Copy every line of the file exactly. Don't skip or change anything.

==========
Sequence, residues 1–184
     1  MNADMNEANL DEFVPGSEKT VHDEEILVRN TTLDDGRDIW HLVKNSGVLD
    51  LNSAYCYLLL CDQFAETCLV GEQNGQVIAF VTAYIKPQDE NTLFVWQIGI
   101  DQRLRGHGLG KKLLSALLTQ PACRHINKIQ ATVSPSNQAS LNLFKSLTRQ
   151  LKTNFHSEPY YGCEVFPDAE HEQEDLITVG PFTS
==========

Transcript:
Sequence, residues 1–184
     1  MNADMNEANL DEFVPGSEKT VHDEEILVRN TTLDDGRDIW HLVKNSGVLD
    51  LNSAYCYLLL CDQFAETCLV GEQNGQVIAF VTAYIKPQDE NTLFVWQIGI
   101  DQRLRGHGLG KKLLSALLTQ PACRHINKIQ ATVSPSNQAS LNLFKSLTRQ
   151  LKTNFHSEPY YGCEVFPDAE HEQEDLITVG PFTS